Friday, February 17, 2017

A believer or a follower be...

"Whoever wishes to come after me must deny himself, take up his cross and follow me."
Mark 8:34

What does this look like on our 21st century winter Friday?  Jesus calls us to follow him, not merely believe in him.  These are two completely different actions. Believing in Jesus just means you accept that he existed.  You may even acknowledge that he died for you and he is your Lord-and-Savior.  Relatively easy compare to being a follower of Jesus.  That's where the rubber means the road and it's much, much harder. If we are truly followers of Jesus we do what Jesus did. Jesus forgave people who were condemned in his culture. Jesus washed the feet of his friends AND those he knew would later do him harm. Jesus mingled with those he wasn't supposed to mingle with and made positive examples of foreigners and those cast out by his culture. Jesus welcomed strangers, ate with them and healed them. And how difficult in our day to do even one of these! I received a letter from one of our state senators, responding to my letter of disagreement with the Administration's recent travel ban and immigration policy. While I applauded the senator for responding (no one else did), I disagreed with his comment that the most important thing is to protect our country. No, sir, respectfully, the most important thing we are to do is follow Jesus. And that means denying oneself, welcoming and compassionately caring for the stranger.   For the complete list for how to be a follower of Jesus read Matthew 25:31-40.  It's a sobering list and we can only do it with Jesus' help! Love, heidi

Thursday, February 16, 2017

Not the end...

"He began to teach them that the Son of Man must suffer greatly and be rejected by the elders...and be killed, and rise again after three days."
Mark 8:31

Jesus foretells the end; how he must suffer and die.  What a shock for the disciples to hear that all they had worked for would end in Jesus' death (they probably didn't even hear the "rise again" part). No wonder Peter rebuked him! And what about us? How would we react if we sat down and had a conversation with Jesus about the end of our lives? Would we protest and say to Jesus, "Oh not that, Jesus! Not that way!" We wouldn't even hear the "rise again" part either. Death is not the end. The rainbow in Genesis (today's first reading, Genesis 9:1-13) should tell us that.  Death is not the end, especially our relationship with God. Death will mark a change for us, like moving into the next room, but it is not the end.  Jesus shocks the disciples when he talks about his death, but we know something they didn't at the time. We know he will be risen on the third day.  And, just as death wasn't the end for Jesus, it won't be the end for us either.  Love, heidi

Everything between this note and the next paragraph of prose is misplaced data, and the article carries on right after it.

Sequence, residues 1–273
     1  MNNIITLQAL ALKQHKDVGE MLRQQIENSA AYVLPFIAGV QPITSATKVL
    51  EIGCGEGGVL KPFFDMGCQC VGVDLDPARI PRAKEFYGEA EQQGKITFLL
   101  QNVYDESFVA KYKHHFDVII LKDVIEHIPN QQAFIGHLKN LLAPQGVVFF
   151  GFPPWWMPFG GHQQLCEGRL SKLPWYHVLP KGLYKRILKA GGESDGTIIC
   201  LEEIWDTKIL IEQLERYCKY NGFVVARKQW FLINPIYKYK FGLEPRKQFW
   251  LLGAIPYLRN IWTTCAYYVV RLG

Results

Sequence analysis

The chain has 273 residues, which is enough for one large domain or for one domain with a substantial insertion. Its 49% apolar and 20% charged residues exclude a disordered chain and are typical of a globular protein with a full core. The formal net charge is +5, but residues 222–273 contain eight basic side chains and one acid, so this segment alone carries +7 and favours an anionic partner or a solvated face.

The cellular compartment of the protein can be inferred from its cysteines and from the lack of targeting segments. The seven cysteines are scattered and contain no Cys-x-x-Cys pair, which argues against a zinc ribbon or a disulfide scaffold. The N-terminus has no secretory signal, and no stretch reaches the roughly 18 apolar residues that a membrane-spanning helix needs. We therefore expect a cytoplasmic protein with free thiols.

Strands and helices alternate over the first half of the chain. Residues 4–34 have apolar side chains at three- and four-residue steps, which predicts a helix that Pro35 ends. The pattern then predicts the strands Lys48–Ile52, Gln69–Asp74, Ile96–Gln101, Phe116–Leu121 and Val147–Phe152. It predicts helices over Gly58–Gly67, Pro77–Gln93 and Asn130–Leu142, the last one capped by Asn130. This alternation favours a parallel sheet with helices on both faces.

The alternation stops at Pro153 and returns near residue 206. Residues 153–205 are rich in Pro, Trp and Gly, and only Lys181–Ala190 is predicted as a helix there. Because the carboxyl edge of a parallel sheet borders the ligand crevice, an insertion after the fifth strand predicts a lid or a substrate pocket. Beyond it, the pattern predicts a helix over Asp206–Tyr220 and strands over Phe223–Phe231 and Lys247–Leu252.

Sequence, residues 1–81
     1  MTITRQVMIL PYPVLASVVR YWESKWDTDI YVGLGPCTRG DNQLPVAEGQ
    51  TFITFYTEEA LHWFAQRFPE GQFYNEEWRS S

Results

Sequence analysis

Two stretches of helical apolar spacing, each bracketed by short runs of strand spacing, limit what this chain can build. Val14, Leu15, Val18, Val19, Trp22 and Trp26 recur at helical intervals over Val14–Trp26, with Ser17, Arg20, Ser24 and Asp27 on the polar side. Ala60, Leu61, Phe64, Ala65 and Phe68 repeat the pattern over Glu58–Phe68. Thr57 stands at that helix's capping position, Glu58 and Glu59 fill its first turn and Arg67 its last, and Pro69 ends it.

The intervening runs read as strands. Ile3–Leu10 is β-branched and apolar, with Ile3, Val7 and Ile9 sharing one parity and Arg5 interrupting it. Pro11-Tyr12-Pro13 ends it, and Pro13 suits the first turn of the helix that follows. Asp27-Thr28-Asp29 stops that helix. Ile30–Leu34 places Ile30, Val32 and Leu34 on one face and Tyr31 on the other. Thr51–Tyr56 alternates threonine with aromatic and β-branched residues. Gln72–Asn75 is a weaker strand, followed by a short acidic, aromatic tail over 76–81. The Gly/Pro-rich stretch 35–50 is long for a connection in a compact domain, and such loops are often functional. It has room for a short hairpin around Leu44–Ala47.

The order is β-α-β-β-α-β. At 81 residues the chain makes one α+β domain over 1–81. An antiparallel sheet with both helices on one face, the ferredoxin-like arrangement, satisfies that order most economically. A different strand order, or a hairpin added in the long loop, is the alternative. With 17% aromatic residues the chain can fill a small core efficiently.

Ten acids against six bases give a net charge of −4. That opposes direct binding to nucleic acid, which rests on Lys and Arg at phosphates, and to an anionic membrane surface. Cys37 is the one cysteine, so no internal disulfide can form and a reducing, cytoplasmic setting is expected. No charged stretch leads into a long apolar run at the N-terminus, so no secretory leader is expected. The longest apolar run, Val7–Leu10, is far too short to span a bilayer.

Wednesday, February 15, 2017

Deep healing...from the inside

"Then he laid hands on the man's eyes a second time and he saw clearly; his sight was restored and he could see everything distinctly."
Mark 8:25

There are so many wonderful nuggets to pull from this reading. I love that Jesus takes the blind man away from the crowd--even his own people who brought him to Jesus. Jesus wants to be alone with the man and wants to reach out and touch him. Jesus could have waved his hand to heal the guy, from a distance, but chose to take him away from the crowd, touch him and heal him in stages.  Our healing God is not remote or "out there" somewhere. Our God wants to take us away from our crowded lives to be alone with us. Our God desires an intimacy with us to physically comfort and heal us, not just to wave a healing hand. Because our God knows the healing goes much deeper than the surface need we may bring to God; God knows that healing may take time. We may think we want the instant fix, but, ultimately, a deeper healing may take more than one attempt.  Jesus wants to heal us, completely, into the whole and holy people God knows we are already.  To do that, God draws us to silence and solitude, away from our crowded lives. Jesus gently leads us into rich relationship, so that we may be healed from the inside. Love, heidi

Monday, February 13, 2017

God is just so good...

"My own sin will not hinder the working of God's goodness."
Julian of Norwich, "Christian Mystics," by Matthew Fox

In today's first reading, Genesis 4:1-15, 25, we meet the offspring of Adam and Eve, Cain and Abel.  We know the story--Cain kills Abel due to jealousy; Abel's sacrifice was pleasing to God and, for some reason, Cain's was not.  God banishes Cain from his work tilling the soil and he is left to be a restless wanderer.  Similar to this truth from Julian of Norwich, Cain's murderous sin did not hinder the working of God's goodness.  God did not condemn Cain forever, rather, God put a mark on Cain to protect him from anyone who would have murderous thoughts against him.  God gave Cain a second chance, albeit with a new vocation, but a second chance was given.  What about us? If we ever have the notion that we are unlovable or not worthy of God's forgiveness and love, we must remember that anything we could ever do could not hinder God's good work.  We can help God by rolling up our sleeves, but our naughtiness cannot hinder God. God's goodness is just too good for that!  So, knowing that, let's get our there this February Monday and help in God's work of goodness in our world today.  What is God inviting us to do?  Love, heidi